Space and Masculinity in James Baldwin’s [Giovanni’s Room]

Originally published in 1954, James Baldwin's Giovanni's Room was not only one of the first novels to tackle issues of same-sex desire with heart and honesty, but it was also a text that prompted frank discussions of homosexuality within the public sphere. The narrative focuses on the experiences of David, an American who moves to Paris in … Continue reading Space and Masculinity in James Baldwin’s [Giovanni’s Room]

Advertisements

The Role of Gender and Literature in Alison Bechdel’s [Fun Home]

Originally published in 2006, Fun Home: A Family Tragicomic is a graphic memoir that led Alison Bechdel to commercial and critical success. Reminiscent of Art Spiegelman's Maus, Fun Home explores the relationship between Alison and her closeted father, Bruce Bechdel, to shed light on themes such as gender, the coming-out process, and the complicated dynamics of family life. The exploration … Continue reading The Role of Gender and Literature in Alison Bechdel’s [Fun Home]

Connection Failed: An Analysis of Christopher Isherwood’s [A Single Man]

Failure is found at the heart of many great works of fiction. It is a common motif used to spark an emotional connection, sympathy, and at times, anger. Failure is not only the heart of Christopher Isherwood's A Single Man--is also the blood, the flesh, and the soul of this novel. Centered on a single day … Continue reading Connection Failed: An Analysis of Christopher Isherwood’s [A Single Man]

Conceal, Don’t Feel: A Queer Reading of Disney’s [Frozen]

Don't let them in, don't let them see Be the good girl you always have to be Conceal, don't feel, don't let them know Well, now they know. - Queen Elsa, "Let It Go" - Disney's Frozen Last night I saw Frozen, Disney's adaptation of Hans Christian Andersen's classic fairy tale entitled The Snow Queen. After seeing the film, … Continue reading Conceal, Don’t Feel: A Queer Reading of Disney’s [Frozen]

Logan Kain’s [The Dead Will Rise First]

Lately, I've been on a quest to read self-published young adult fiction, mostly because I've noticed that self-published authors tend to take more risks when crafting their stories. The reasons for this are obvious: there is no middle-man, no editor, and even more importantly, self-published authors do not face issues such as censorship and the … Continue reading Logan Kain’s [The Dead Will Rise First]

J.C. Lillis’ [How to Repair a Mechanical Heart]: A Gay YA Novel on Fandom, Religion, and Canonicity

If there is one thing that gay young adult fiction should be thankful for, that thing would be the internet. Because of the advent of the web, we have witnessed the increase of self-published e-novels distributed through online stores such as Amazon and Barnes and Noble. Self-publishing, in my opinion, greatly expands the possibilities of … Continue reading J.C. Lillis’ [How to Repair a Mechanical Heart]: A Gay YA Novel on Fandom, Religion, and Canonicity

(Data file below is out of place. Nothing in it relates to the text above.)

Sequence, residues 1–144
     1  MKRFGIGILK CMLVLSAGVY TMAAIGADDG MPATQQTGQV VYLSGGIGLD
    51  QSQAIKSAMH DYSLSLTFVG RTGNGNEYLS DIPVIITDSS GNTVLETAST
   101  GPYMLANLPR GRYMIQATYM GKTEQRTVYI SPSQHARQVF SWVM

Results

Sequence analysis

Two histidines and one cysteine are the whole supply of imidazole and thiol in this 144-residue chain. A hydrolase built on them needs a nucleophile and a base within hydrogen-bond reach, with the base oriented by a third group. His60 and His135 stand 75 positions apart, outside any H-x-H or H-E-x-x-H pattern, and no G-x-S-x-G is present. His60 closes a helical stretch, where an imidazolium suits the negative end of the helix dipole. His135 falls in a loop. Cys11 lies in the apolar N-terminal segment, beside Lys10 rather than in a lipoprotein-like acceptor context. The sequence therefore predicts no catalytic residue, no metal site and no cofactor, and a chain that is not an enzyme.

Masculinity Without Men? Judith Halberstam’s [Female Masculinity]

When we invoke the iconic image of James Bond, masculinity is usually one of the first notions that comes to mind. My friend and colleague, Dan Murphy, insightfully points out that even when James Bond utters his casual introductory catchphrase, "Bond, James Bond," these simple words resonate within our thoughts because they express "an appealing version … Continue reading Masculinity Without Men? Judith Halberstam’s [Female Masculinity]

On YA Fiction with Gay Latino Characters: Benjamin Alire Sáenz’s Aristotle and Dante Discover the Secrets of the Universe

Words were different when they lived inside of you. - Benjamin Alire Sáenz, Aristotle and Dante Discover the Secrets of the Universe (p. 31) A few years ago, I wrote a short essay that was published in the Changing Lives, Changing Minds blogs managed by UMass Dartmouth regarding the importance of young adult literature in my personal and … Continue reading On YA Fiction with Gay Latino Characters: Benjamin Alire Sáenz’s Aristotle and Dante Discover the Secrets of the Universe

On Stasis, Mobility, and Postmodernism: Tony Kushner’s Angels in America

Well I hate America, Louis. I hate this country. It's just big ideas, and stories, and people dying, and people like you. The white cracker who wrote the national anthem knew what he was doing. He set the word "free" to a note so high nobody can reach it. That was deliberate. Nothing on earth … Continue reading On Stasis, Mobility, and Postmodernism: Tony Kushner’s Angels in America

An Overview of Judith Halberstam’s [The Queer Art of Failure]

I usually steer away from aesthetic judgments when writing about theory books, but in this case, let me start by saying that Judith Halberstam's The Queer Art of Failure was an absolute joy to read. What else can one expect from a theory book that opens up with a quote from the Nickelodeon cartoon series, SpongeBob … Continue reading An Overview of Judith Halberstam’s [The Queer Art of Failure]